The US Army has signed a new agreement to cooperate with the industry and academia in an effort to develop smart robots to work alongside warfighters.
The Robotics Collaborative Technology Alliance (CTA) will be expected to design autonomous robots to accomplish a broad range of missions and will receive an initial investment of $63.2m, with a further five-year extension that could take the total investment to $129.7m.
The Army Research Laboratory's chief of the robotics autonomous systems division, Jon Bornstein, said that CTA's research is expected to make autonomous robots accomplish more missions and take some of the burden off soldiers on the battlefield.
"I would like to see the CTA research demonstrate an unmanned system that can adapt to a dynamic environment and learn from its experiences," said Bornstein.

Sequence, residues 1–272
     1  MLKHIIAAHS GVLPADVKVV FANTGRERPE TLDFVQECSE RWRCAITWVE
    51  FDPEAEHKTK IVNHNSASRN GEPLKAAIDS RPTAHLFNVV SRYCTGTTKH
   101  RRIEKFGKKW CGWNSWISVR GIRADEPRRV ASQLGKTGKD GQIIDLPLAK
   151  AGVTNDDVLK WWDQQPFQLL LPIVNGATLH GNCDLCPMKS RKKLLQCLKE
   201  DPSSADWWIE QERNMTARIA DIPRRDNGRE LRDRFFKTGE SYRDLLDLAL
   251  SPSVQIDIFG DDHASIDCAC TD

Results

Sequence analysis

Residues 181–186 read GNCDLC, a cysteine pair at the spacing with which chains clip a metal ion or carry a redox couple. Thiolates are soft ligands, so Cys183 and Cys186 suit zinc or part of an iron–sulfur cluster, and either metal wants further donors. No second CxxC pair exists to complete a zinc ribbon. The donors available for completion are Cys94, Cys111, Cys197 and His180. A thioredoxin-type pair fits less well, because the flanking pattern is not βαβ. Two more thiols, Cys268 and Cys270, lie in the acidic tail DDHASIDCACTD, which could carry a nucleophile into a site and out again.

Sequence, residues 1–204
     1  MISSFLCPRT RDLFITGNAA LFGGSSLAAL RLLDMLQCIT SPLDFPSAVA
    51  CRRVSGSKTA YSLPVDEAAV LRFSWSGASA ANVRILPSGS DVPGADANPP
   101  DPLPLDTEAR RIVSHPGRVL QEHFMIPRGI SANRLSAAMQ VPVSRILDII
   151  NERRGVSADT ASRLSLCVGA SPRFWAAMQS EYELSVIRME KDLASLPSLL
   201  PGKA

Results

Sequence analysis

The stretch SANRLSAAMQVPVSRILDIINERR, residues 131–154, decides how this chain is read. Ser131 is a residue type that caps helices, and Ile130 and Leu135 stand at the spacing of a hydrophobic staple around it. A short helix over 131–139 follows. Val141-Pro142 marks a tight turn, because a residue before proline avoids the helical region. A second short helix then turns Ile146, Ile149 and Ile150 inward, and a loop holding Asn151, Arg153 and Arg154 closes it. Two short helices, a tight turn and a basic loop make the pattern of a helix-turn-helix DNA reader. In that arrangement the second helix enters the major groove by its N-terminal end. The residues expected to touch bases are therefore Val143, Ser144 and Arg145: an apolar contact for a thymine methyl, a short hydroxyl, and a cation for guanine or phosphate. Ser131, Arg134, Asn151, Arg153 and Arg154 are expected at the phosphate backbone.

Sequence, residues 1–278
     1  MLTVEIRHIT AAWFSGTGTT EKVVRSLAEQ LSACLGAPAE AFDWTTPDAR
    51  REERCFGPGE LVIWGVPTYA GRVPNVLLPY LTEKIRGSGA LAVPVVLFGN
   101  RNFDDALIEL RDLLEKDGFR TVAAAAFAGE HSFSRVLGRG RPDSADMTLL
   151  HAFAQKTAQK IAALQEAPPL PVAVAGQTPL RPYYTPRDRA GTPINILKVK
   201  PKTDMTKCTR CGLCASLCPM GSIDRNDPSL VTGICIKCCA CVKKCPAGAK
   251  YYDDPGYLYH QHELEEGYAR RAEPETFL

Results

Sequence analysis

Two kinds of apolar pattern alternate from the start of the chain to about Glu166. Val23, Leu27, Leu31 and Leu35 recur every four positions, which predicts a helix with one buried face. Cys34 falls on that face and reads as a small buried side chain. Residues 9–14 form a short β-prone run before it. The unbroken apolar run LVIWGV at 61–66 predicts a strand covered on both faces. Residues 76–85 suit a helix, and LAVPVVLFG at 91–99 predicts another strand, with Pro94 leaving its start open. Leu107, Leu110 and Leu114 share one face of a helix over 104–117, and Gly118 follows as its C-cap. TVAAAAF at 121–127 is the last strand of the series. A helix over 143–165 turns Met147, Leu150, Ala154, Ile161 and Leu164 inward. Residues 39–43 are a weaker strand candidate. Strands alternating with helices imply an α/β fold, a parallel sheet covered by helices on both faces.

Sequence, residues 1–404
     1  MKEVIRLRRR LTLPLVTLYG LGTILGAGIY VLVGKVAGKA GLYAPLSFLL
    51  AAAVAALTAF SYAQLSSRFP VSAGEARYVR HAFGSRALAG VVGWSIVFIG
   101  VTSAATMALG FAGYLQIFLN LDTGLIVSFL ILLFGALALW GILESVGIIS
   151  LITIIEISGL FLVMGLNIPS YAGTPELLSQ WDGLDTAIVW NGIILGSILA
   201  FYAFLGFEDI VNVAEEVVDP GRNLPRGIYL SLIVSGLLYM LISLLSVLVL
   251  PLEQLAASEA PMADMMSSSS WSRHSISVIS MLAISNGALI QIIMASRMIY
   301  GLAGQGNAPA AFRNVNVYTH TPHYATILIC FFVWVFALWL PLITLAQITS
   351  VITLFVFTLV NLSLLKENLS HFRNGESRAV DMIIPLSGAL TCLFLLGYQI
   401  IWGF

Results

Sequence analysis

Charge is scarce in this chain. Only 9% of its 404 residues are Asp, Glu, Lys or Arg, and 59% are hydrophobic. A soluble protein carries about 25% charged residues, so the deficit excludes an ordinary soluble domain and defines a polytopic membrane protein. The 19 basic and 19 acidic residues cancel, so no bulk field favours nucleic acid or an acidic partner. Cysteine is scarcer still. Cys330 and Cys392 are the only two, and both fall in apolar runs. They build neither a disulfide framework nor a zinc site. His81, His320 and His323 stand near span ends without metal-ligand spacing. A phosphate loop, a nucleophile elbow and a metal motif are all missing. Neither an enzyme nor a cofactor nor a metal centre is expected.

Bornstein compared the future use of robots in the army with the way soldiers work with dogs in K-9 units.
According to the CTA manager, the technology will be developed in the areas of perception, intelligence, human-robot interaction, dexterous manipulation and unique mobility to build robots with a significant level of autonomy.
A General Dynamics Robotic Systems-led consortium will work under the robotics agreement with eight other partners, including Boston Dynamics, Carnegie-Mellon University, California Institute of Technology Jet Propulsion Laboratory, Florida A&M University, QinetiQ North America, the University of Central Florida, and the University of Pennsylvania.